Tuesday, October 26, 2010

Quilters unite

For this project you really don't have to know how to quilt. If you know how to sew, just a little bit, it will be easy and fun. It is a "quilt as you go" process. Now that I think about it, you don't even need to know how to sew! Keep reading.

The goal is for each person to complete as many squares (or steps) as they want to, then send them to me to sew together into the finished quilt. (If any group member is just dying to compile and complete the quilt, I won't fight you for the job.) :) The person that completes the quilt will be responsible for sending it into the Warm Up America Foundation or to the organization we decide to donate to. (We can discuss that later.)

 I'm in the middle of making a quilt right now so I took a few pictures that I hope will help explain the process. I must put in a disclaimer here. I did not "invent" or design this method or pattern. My sister taught me how to do it and she saw it in a quilting magazine somewhere. I wish I knew the publication so I could give proper credit. If the designer of this pattern happens upon my blog, please do not sue me for breaking copyright laws. I'm not selling this idea nor am I selling any quilts.

Now, on with the how-to.

Naturally this is going to be a scrappy quilt since we are all in different places using different fabrics. "Scrappy" is what makes it so charming, right? (100% cotton works best but if you have some blend scraps and don't want to buy something else, they will work.)

Please wash, dry, and iron (if needed) your fabric before you begin. First you are going to need to cut your fabric into 4 1/2" squares. For each quilt block you will need two white squares and two squares of other colors. (4 squares in 3 different colors) (With our next quilt we might just try any light and any dark colors, but for this one, let's stick with white as our base, okay?)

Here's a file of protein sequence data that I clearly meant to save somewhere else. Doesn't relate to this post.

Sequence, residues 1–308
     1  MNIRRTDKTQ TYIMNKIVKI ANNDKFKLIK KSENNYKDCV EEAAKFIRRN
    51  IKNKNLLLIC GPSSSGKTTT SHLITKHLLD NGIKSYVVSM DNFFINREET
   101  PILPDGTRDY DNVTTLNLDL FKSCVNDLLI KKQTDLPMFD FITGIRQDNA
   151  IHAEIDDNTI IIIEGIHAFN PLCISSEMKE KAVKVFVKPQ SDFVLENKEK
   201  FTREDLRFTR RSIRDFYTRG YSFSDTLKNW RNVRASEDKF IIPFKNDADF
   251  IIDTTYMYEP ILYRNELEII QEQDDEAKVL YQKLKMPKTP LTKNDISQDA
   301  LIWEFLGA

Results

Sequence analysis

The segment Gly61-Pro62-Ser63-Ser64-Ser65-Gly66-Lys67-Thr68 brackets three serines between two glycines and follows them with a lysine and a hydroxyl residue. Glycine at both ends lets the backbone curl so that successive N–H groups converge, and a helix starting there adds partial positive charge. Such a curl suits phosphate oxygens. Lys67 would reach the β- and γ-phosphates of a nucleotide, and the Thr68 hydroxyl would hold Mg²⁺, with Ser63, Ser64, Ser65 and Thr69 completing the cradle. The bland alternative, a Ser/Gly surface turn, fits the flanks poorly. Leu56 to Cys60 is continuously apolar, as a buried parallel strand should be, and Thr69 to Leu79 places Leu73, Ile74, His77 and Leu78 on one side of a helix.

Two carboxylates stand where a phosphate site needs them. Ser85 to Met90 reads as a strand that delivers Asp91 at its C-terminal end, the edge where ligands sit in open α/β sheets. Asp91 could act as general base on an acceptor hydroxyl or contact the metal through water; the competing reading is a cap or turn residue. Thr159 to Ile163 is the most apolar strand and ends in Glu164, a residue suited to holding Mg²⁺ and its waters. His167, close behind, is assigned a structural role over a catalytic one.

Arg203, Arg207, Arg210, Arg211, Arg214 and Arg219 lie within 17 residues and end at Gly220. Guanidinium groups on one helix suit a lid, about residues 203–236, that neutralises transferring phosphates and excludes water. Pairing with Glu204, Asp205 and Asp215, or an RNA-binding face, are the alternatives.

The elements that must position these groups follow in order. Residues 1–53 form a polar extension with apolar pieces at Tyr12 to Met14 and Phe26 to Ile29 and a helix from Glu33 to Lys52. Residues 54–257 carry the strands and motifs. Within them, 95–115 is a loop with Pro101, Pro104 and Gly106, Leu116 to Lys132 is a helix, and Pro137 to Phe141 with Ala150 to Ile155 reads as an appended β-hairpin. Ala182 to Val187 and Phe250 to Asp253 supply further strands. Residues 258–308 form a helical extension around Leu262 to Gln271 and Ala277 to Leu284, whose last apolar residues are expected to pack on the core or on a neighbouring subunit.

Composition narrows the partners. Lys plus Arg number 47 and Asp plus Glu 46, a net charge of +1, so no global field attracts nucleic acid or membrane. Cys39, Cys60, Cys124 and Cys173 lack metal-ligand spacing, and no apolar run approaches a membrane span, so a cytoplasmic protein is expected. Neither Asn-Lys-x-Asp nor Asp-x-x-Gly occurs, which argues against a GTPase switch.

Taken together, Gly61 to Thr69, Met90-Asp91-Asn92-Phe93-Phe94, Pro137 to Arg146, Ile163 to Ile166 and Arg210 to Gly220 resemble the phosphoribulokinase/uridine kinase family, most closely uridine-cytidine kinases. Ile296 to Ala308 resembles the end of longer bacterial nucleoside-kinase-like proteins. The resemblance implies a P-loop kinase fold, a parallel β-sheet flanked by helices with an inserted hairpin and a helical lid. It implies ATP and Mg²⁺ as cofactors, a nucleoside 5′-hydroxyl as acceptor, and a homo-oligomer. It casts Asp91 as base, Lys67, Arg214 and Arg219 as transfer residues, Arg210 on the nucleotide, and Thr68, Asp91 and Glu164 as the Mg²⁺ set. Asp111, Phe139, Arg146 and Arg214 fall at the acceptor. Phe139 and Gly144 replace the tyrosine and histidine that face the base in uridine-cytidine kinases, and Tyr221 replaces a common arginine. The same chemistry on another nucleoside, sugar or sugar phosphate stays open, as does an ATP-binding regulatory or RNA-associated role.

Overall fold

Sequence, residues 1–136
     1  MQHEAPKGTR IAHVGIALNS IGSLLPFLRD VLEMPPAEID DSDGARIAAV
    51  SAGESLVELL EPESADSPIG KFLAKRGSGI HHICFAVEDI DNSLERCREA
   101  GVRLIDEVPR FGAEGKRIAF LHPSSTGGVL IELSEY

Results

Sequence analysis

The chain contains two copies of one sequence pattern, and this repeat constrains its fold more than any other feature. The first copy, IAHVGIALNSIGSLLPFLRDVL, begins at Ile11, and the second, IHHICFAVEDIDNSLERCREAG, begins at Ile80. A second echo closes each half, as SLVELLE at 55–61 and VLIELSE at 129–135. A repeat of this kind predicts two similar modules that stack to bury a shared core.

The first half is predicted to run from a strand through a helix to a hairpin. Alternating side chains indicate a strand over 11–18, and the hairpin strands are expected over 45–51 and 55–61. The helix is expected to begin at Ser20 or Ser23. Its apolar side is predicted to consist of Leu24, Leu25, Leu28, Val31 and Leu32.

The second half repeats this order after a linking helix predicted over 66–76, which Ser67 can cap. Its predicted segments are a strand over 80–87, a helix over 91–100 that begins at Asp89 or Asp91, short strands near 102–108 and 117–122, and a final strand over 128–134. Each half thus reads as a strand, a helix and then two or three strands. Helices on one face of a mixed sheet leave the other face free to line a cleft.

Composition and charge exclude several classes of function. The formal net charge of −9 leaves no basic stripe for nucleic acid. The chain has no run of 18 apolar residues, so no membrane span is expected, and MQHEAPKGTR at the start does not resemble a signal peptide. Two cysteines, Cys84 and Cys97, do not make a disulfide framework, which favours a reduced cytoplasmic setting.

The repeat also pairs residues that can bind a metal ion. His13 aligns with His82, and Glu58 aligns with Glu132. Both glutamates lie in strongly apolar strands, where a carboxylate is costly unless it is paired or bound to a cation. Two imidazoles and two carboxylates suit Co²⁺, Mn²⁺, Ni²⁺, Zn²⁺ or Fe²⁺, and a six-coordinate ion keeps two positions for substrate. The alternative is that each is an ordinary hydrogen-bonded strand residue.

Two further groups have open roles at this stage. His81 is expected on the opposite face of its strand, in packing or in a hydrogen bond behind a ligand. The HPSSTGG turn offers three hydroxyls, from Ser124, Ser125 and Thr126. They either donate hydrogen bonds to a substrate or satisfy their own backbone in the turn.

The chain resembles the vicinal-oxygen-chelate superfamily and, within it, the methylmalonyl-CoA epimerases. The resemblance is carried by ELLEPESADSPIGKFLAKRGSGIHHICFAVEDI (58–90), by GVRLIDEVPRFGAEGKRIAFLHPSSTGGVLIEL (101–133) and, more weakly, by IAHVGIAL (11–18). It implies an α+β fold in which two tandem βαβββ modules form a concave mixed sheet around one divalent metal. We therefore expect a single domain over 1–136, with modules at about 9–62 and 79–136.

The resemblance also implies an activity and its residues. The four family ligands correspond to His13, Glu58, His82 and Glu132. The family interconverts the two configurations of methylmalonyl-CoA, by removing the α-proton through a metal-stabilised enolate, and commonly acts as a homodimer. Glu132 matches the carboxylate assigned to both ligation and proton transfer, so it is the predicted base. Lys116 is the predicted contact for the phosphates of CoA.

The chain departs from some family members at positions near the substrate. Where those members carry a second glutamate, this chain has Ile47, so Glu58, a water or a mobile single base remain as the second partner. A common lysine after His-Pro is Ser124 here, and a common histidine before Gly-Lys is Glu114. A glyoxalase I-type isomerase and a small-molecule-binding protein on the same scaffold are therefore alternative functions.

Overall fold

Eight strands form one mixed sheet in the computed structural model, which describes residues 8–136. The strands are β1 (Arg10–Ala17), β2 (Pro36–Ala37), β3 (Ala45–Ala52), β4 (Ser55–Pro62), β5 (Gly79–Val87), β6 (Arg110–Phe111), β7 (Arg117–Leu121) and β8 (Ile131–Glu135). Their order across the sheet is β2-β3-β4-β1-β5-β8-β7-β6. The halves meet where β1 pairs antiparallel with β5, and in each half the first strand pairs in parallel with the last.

Sew one white square to one colored square. Then sew another white square to one of the other colored squares. Press the seams toward the colored side.
Now lay your pieces out so the white squares are opposite each other.
Next, flip one two-square piece over onto the other so right sides are together. (In this photo, the floral print will be on top of the white square that is above it, and its attached white square will be on top of the pink.)(Clear as mud?)

Now you will sew along one long edge and up both short edges. Make sure that your seams match up along the long edge. If they don't, then when the block is finished it won't look right in the middle. (Hang with me here--it will make sense in a minute.)
Can you see my seams? Down the left, across the bottom, and up the right side. I have basically formed a rectangular pocket.

Okay, now comes a little tricky part. Bring the stitched sides together, as shown, and make sure your seams are lying in opposite directions so they are butted. (Turning all seams toward the colored squares will make this easier.) Again, line your seams up perfectly so it will look right when it is finished.